Caryl Churchill



  • (1938 - ) British playwright, whose innovativeworks have achieved both critical and commercial success. The daughter of a political cartoonist and a model, Churchill was born in London but spent much of her youth in Canada. She wrote her first plays while studying at Oxford in the 1950s but thereafter wrote mainly for BBC radio while bringing up her three sons at home. Her firstfull-length stage play, the anti-capitalist satire Owners (1972), was producedby the Royal Court Theatre, which has premiered most of her subsequent work. During the 1970s she also worked extensively with the Joint Stock Company and the radical feminist group Monstrous Regiment, whose methods of collective creation greatly influenced her plays of this period. These include the historical plays Vinegar Tom and Light Shining in Buckinghamshire (both 1976) and Cloud Nine (1979), an uproarious comedy that uses cross-gender casting and a dislocated time scheme to make points about colonialism and sexual stereotyping. In Top Girls (1982), another formally daring work, a modern career woman discusses her lot with female characters from a range of different cultures and periods. Churchill enjoyed the greatest commercial success of her career with Serious Money (1987), an exuberant Jonsonian satire set in the City of London during the frenzied boom year that followed 'Big Bang'. Having opened at the Royal Court, the play went on to enjoy a long run in the West End, where it played to packed houses of the very City traders it satirized. It opened on Broadway just after the stock-market collapse of October 1987.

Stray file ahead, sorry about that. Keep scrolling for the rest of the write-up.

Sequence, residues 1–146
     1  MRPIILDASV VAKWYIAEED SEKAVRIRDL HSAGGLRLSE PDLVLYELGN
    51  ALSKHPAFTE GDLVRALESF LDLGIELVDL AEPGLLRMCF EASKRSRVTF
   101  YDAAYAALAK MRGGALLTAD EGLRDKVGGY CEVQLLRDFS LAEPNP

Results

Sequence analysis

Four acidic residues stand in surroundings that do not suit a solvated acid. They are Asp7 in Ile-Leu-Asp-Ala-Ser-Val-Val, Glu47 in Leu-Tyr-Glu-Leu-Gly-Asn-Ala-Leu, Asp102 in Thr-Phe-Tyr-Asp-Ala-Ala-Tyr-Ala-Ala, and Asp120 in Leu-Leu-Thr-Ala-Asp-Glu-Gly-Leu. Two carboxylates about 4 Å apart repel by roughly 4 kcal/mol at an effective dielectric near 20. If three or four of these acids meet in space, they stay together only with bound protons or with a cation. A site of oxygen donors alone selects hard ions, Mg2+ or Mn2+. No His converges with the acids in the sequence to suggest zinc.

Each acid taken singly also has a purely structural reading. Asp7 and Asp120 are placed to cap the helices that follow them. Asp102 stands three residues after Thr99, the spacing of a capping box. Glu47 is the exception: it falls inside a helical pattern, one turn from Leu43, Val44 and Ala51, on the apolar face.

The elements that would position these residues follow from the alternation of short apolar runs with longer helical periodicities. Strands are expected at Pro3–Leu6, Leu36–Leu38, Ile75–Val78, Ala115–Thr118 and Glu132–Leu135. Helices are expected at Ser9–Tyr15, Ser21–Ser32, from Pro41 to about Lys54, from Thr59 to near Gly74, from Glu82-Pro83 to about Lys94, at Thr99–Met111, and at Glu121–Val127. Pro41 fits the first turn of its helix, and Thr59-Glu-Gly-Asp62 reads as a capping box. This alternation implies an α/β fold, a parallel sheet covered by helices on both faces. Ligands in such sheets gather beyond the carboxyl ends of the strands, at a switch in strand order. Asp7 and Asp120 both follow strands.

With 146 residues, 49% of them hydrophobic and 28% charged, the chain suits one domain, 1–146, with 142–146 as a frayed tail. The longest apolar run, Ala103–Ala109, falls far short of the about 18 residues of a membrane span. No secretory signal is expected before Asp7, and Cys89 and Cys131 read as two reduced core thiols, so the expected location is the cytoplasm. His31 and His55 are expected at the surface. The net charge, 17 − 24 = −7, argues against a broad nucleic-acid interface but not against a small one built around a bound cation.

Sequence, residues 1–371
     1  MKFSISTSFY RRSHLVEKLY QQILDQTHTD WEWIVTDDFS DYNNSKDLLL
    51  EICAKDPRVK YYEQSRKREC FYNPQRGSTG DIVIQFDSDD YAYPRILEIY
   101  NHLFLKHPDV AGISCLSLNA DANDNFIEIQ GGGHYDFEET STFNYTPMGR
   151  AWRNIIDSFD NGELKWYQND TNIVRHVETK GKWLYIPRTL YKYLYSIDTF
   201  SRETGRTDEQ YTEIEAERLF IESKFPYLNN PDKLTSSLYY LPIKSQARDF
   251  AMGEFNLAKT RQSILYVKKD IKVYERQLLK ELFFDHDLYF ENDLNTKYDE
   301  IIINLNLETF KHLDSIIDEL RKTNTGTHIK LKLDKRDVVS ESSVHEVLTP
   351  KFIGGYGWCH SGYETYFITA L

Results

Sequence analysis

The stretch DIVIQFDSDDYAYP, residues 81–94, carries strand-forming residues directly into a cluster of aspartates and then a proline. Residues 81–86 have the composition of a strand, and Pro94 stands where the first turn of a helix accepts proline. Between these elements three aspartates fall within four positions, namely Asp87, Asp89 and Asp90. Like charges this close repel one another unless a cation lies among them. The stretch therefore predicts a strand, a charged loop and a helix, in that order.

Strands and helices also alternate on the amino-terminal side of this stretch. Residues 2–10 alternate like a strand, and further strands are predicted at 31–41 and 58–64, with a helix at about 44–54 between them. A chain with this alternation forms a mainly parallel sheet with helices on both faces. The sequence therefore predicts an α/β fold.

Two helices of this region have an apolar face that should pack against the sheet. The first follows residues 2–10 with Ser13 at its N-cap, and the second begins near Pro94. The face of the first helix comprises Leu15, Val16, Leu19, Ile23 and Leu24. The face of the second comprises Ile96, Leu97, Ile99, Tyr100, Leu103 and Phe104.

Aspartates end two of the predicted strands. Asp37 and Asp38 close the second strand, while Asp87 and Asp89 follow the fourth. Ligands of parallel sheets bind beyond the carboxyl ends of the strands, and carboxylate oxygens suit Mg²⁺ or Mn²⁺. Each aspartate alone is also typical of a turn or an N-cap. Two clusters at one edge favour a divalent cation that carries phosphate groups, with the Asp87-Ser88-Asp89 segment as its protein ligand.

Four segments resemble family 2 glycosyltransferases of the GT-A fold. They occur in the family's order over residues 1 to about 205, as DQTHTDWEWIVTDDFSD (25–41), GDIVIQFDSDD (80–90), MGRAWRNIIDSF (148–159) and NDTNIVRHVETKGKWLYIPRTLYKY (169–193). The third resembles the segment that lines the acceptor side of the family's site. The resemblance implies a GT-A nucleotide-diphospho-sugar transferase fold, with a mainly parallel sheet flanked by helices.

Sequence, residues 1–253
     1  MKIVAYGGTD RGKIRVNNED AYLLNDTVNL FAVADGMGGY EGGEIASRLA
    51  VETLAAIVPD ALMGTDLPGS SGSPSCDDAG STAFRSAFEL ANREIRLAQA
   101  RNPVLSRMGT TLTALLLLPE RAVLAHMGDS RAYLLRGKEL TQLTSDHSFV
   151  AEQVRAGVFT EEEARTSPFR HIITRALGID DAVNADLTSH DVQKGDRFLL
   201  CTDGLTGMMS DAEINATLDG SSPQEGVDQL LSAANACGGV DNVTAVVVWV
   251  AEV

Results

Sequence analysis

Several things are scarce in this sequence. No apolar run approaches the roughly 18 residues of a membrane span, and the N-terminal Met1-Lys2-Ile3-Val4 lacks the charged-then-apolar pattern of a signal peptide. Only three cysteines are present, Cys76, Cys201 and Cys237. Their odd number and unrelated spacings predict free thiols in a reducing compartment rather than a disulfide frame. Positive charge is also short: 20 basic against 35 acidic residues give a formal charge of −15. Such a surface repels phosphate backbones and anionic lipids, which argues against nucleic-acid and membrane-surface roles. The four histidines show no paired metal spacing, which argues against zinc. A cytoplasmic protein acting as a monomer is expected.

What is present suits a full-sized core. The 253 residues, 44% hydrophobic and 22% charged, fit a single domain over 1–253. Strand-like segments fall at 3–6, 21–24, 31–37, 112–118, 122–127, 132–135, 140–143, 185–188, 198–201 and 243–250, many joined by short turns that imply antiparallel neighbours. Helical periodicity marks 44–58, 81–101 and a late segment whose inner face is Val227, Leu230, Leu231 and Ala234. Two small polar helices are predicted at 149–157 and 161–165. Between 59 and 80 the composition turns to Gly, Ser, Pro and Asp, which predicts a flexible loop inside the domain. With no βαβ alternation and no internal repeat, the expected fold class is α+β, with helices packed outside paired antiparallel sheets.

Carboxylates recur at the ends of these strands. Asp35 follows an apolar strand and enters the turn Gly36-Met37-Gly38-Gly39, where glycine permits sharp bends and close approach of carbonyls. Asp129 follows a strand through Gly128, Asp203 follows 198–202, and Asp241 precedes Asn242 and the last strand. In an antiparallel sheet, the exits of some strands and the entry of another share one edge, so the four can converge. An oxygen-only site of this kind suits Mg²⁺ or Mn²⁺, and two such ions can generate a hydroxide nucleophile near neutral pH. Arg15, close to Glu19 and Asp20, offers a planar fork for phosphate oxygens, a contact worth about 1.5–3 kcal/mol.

In Churchill's subsequent plays, formal experiment has been accompanied by a pronounced move away from any kind of realism. Her plays of the 1990s include Mad Forest (1990), a work inspired by a visit to Romania in the wake of the revolution there, The Skriker (1994), a dream-like piece involving music, dance, and mime, and Blue Heart (1997), a curious double bill that divided the critics. More recently, Far Away (2000), an apocalyptic fable about a world in permanent conflict, enjoyed a sell-out success off-Broadway in the wake of September 11, while the award-winning A Number (2002) addressed the issue of human cloning. Lesswell received was Drunk Enough To Say I Love You (2006), an obliquemeditation on the 'special relationship' between Britain and America.

    In 2009 the Royal Court presented Churchill's Seven Jewish Children, a brief, highly stylized piece inspired by Israel's military action in Gaza; this has proved much the most controversial of Churchill's plays, provoking charges of antisemitism and equally fierce rebuttals.